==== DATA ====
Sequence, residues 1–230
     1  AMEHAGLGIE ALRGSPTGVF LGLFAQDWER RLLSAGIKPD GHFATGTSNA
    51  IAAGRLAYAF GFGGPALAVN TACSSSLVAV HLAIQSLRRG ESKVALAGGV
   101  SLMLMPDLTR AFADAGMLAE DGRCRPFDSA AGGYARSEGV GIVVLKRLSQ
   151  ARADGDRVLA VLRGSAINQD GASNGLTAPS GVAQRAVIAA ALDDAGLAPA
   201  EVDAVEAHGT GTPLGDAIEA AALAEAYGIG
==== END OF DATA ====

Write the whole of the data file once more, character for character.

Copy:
Sequence, residues 1–230
     1  AMEHAGLGIE ALRGSPTGVF LGLFAQDWER RLLSAGIKPD GHFATGTSNA
    51  IAAGRLAYAF GFGGPALAVN TACSSSLVAV HLAIQSLRRG ESKVALAGGV
   101  SLMLMPDLTR AFADAGMLAE DGRCRPFDSA AGGYARSEGV GIVVLKRLSQ
   151  ARADGDRVLA VLRGSAINQD GASNGLTAPS GVAQRAVIAA ALDDAGLAPA
   201  EVDAVEAHGT GTPLGDAIEA AALAEAYGIG